Britain could face a long delay to Brexit if lawmakers cannot agree a way forward in coming days, Prime Minister Theresa May said after lawmakers voted to reject leaving the European Union without a deal in any circumstance.
“If the House finds a way in the coming days to support a deal, it would allow the government to seek a short, limited, technical extension to Article 50 … Such a short technical extension is only likely to be on offer if we have a deal in place,” May told parliament.
“The House has to understand and accept that if it is not willing to support a deal in the coming days and – as it is not willing to support leaving without a deal on March 29 – then it is suggesting that there will need to be a much longer extension to Article 50,” she said, adding that the longer extension would mean Britain would undoubtedly have to take part in European Parliament elections in May.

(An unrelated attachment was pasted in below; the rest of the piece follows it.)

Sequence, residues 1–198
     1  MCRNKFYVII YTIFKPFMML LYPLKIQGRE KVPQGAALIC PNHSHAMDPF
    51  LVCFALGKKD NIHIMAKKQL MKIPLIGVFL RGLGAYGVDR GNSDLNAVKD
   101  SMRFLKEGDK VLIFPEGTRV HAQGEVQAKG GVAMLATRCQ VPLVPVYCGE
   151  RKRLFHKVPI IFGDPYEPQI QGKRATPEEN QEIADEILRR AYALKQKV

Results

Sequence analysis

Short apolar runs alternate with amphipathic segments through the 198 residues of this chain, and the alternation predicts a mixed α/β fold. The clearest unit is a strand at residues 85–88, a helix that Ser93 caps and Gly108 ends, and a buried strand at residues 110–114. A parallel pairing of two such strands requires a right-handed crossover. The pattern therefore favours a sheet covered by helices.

The government will propose on Thursday to seek a delay to Brexit until June 30 if parliament approves a deal to leave the European Union by March 20, the parliamentary Speaker said on Wednesday.
MPs are due to vote on a possible extension on Thursday, when the government will also say that if no agreement has been approved by parliament by March 20, it is unlikely that the EU will approve any extension at its summit on March 21-22 without a specific reason to do so.
If the deal is passed by March 20 “then the government will seek to agree with the European Union a one-off extension … for a period ending 30 June 2019 for the purpose of passing the necessary EU exit legislation”, the Speaker John Bercow told parliament.